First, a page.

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This is utterly ridiculus! Wake up and smell the gillyweed people, if they didn’t win the first time, they’re probably not going to win again nost likely. Look if he were to take his book and write it in his own words, great. But you can’t call yourself an author if you just take someone elses work and publish it as your own. I’m with JKs side all the way. Lets finish this once and for all

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Do they actually think that appealing gives them a better shot at winning the case? they’ve already lost once I just wonder if they’re appealing not because they think they can win the case, but for the prolonged media attention and focus of the fandom. this is just getting ridiculous(like a bogart gone bad…er…badder….much badder…...you get the point…..bogart=bad….ok, now i’m done)

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I don’t know what to think of all of it really. I just think it’s cool to see my hometown’s name on the leaky cauldron!

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God, that Vander Ark character is so creepy.

That said, unless it interferes with JKR’s official tell-all encyclopedia, I wouldn’t mind if creepo’s book was published, (which I doubt will happen even with the appeal).

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Seriously… Why not just edit?

Please?

This is just such a bad case for fair use! If it was genuine “use” it would be an important case for an important issue. But it isn’t. Not if you do not qoute, and comment, or use the original text to show or elaborate on your own thoughs and ideas.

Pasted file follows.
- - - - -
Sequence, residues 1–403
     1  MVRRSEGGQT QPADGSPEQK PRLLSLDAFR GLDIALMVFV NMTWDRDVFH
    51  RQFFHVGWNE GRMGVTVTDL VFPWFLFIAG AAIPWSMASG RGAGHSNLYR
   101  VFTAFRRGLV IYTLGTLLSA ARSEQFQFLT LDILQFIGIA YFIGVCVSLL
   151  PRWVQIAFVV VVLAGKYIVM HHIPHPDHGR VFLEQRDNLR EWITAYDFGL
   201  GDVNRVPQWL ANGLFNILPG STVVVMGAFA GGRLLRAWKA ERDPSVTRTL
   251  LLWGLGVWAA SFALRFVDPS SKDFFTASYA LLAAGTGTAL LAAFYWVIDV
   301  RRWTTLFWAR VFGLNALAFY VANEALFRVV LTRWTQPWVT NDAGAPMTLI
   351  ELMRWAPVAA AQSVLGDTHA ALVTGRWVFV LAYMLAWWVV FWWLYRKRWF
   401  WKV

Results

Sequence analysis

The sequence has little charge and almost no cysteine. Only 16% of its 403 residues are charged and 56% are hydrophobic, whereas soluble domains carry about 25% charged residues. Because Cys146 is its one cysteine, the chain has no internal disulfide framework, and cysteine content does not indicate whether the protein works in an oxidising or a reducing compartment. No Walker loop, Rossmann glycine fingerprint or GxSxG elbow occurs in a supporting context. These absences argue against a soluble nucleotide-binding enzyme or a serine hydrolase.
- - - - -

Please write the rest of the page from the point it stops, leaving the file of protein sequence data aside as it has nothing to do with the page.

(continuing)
I wish the publishers would have the writer rewrite the book, and the law team find another, more relevant, case to argue fair use. For the sake of peace and general good ethics.

And what else should we expect of Jo? She deserves credit for standing up for autors (and artists) right to their work! It is their jobs, their income, their passion, their hard work. Just becase some artists are sucessfull, it doesn’t mean their work is up for grabs. It reminds me of “free” music downloads. It’s no more ethical if the band is sucessful and rich, than if it is struggeling young musician.

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Well, this news is completely disappointing. I have nothing against independent reference books, but it seems like the one they’re trying to have published is major copying from the original work (which is plagiarizing) and doesn’t add anything new. I hope JKR/WB win.